Madison-Pískatá also saw a shift away from meat and vodka at the Tsagaan Sar table, not only as it was offered, but also consumed. Throughout her visits, she observed multiple instances of guests refusing vodka to little protest, a marked increase from previous years that seems to follow the national trend of cutting back on vodka in favor of lower alcohol content options. At one household, guests were offered Bulgan airag  (a high-prestige item, particularly in Sukhbaatar Province, where the vegetation is said to interfere with the flavor of mare’s milk) and red Bulgarian wine as an alternative to vodka. This is not to say that vodka does not still hold great ritual significance, and as in previous years, guests were still required to partake of the host’s vodka at least one to three times (depending on the age of the household—younger households hosting for the first time were more likely to hew closely to the customary three). However, visitors were not pressured to imbibe above the ‘ritual minimum’, especially if they were to cite health reasons for their refusal. Similarly, there was a decrease in both the serving and consuming of meat, especially sheep’s tail. Madison-Pískatá visited only one household that served tail on their Tsagaan Sar table, from which, despite the daughter reporting a steady stream of guests all day, there was only one small shaving eaten.

As is indicated in the data from the Onom Foundation, this concern does not extend to boov. In addition to boov and airag being increasingly swapped out for meat and vodka, wine and fish were also added to many Sukhbaatar Tsagaan Sar tables, bringing with them both the prestige of foreign products and the image of a kind of healthful exoticism. In the facebook group Chatnaa Okhindoo!’(‘You can do it, girls!’), where discussions often revolve around health and weight loss, both wine and fish are often brought up as part of healthy ‘foreign’ diets, most commonly as part of the trendy ‘Mediterranean Diet’, which is extolled as a panacea for good health and ‘wellness’, in the same breathless manner as it appears in women’s magazines in the Anglophone world.

These observations are in line with public ‘healthy lifestyle’ campaigns, women’s weight loss clubs, and a general concern with healthful eating that have been increasing in both number and relevance in Sukhbaatar Province over the last five or so years.  In Madison-Pískatá’s interpretation, this indicates an increase in the bargaining power of individual agency when leveraged in interest of the health and well-being of the individual body. This is not, as Buyandelger points out, part of a post-socialist ‘transition’ narrative that argues for a unilateral shift towards the ‘individual’ at the expense of the ‘community’. Rather, it appears to follow the idea that a healthful individual body directly contributes to the greater health of the community. In her work on air pollution protests in Ulaanbaatar, Chisato Fukuda also emphasizes how the bodily experience of air pollution, particularly miscarried pregnancy, has drawn individuals together in collective response.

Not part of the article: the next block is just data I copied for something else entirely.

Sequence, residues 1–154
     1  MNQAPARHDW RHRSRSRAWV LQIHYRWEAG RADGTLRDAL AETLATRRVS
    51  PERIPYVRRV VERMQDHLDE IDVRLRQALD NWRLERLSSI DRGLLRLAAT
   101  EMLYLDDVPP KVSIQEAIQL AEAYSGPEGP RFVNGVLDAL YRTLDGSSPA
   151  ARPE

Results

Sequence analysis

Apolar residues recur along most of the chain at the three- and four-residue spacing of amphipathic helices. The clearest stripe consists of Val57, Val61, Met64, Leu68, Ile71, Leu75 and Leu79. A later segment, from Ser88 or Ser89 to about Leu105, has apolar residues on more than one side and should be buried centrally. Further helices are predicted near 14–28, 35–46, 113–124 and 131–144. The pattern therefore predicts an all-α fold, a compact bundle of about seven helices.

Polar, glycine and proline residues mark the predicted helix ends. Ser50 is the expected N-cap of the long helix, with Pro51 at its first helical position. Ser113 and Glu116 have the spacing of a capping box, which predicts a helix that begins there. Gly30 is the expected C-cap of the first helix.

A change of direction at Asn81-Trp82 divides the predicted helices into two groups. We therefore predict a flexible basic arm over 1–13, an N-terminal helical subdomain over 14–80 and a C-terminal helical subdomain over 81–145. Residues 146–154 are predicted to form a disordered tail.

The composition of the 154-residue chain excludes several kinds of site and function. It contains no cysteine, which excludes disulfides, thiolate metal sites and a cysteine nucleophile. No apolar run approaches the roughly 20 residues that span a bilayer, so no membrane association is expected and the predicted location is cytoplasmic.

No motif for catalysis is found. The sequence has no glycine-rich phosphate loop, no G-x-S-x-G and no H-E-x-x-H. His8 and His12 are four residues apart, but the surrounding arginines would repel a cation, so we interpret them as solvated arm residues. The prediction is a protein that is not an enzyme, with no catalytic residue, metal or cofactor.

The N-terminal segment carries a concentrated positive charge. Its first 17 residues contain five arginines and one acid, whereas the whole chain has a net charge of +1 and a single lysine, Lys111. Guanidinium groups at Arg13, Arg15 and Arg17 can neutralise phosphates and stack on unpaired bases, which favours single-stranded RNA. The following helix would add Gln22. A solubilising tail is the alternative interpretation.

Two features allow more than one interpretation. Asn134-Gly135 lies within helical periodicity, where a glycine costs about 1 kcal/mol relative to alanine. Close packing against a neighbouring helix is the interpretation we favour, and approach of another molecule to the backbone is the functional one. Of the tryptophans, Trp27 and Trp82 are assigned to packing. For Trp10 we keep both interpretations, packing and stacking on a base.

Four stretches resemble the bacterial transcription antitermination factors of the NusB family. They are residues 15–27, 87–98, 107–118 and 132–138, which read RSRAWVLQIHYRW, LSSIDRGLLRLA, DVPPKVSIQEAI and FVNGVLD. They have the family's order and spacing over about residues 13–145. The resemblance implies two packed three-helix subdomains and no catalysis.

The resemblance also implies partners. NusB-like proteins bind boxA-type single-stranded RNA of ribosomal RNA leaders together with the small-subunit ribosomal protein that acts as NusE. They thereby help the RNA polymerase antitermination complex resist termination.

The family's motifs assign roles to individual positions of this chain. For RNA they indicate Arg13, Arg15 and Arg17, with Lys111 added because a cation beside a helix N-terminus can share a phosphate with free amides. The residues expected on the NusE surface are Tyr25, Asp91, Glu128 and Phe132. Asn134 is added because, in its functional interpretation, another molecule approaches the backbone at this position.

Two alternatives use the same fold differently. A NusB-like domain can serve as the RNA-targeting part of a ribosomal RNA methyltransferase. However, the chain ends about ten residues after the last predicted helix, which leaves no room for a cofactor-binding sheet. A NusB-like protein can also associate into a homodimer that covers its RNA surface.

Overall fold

Smith notes that, on the flip side, as disorder in the social and its governance is intimately associated with chronic disease and responses have entailed reordering the social, relations between the state and the people have been of central importance. In past years, initiatives by the Mongolian military, President, and members of Parliament to celebrate with milk rather than vodka gained traction (Jargalsaikhan 2012) that is not evident in connection with the liver disease NGO’s initiative. The importance of the government as an actor or set of actors to be chastised in these narratives centrally concerned with proper ordering of social and individual action to align with stateness (tur) is demonstrated in posts on the Emerging Subjects blog by D. Bumochir (on ritual ‘punishment’ of politicians for mishandling mining agreements), Kh. Uyanga (maternal responses to measles outbreaks and associated infant mortality that offered mutual assistance and reprimanded government health agencies, see also Fukuda 2017), Sh. Tuya (the taking up of the Paris Climate Accord ‘shoe protest’ to demonstrate a public reprimanding the government in Ulaanbaatar), and Hedwig Waters (on the articulation of these critiques also among those who would not publicly expose or elevate themselves by organizing protest marches).


Shortage, Exhaustion, and Counterfeit

Further emphasis on boov also is reflected in news that these were being branded, counterfeited and seized, and that there were shortages of boov.

On February 8, a week before the first day of Tsagaan Sar, Marissa Smith shared an article from The UB Post on Facebook, which detailed how Ulaanbaatar government inspectors had seized not only potentially unhygienic but also counterfeit goods, including boov sold as associated with the Gandan Monastery and pickles with fake ‘Vagro’ (an imported Eastern European brand) labels which would be used to make many of the salads that are often part of the Tsagaan Sar table.

In a comment on the article, Jessica Madison-Pískatá confirmed from Mongolia that there is indeed increased concern over such branding, and added that by the third day of the New Year, stores in Ulaanbaatar had completely run out of boov, bread, and anything else that might be used to construct the towers of tsagaan idee that center the Tsagaan Sar table. Madison-Pískatá shared a facebook posting showing stacks of European-style bread (talkh) being used in place of kheviin boov, reposted with a wry comment that indicated frustration at the poster’s inability to find even this ersatz (counterfeit?) foreign boov.